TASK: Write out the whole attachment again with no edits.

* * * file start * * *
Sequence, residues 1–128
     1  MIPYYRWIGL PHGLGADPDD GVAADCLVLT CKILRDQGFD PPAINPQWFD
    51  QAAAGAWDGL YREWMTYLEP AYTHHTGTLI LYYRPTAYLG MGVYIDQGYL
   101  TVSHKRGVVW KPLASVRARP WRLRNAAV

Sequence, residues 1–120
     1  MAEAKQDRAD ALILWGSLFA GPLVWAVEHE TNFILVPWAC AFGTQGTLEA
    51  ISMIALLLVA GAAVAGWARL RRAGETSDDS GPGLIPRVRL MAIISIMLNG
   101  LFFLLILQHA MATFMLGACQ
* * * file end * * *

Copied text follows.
Sequence, residues 1–128
     1  MIPYYRWIGL PHGLGADPDD GVAADCLVLT CKILRDQGFD PPAINPQWFD
    51  QAAAGAWDGL YREWMTYLEP AYTHHTGTLI LYYRPTAYLG MGVYIDQGYL
   101  TVSHKRGVVW KPLASVRARP WRLRNAAV

Sequence, residues 1–120
     1  MAEAKQDRAD ALILWGSLFA GPLVWAVEHE TNFILVPWAC AFGTQGTLEA
    51  ISMIALLLVA GAAVAGWARL RRAGETSDDS GPGLIPRVRL MAIISIMLNG
   101  LFFLLILQHA MATFMLGACQ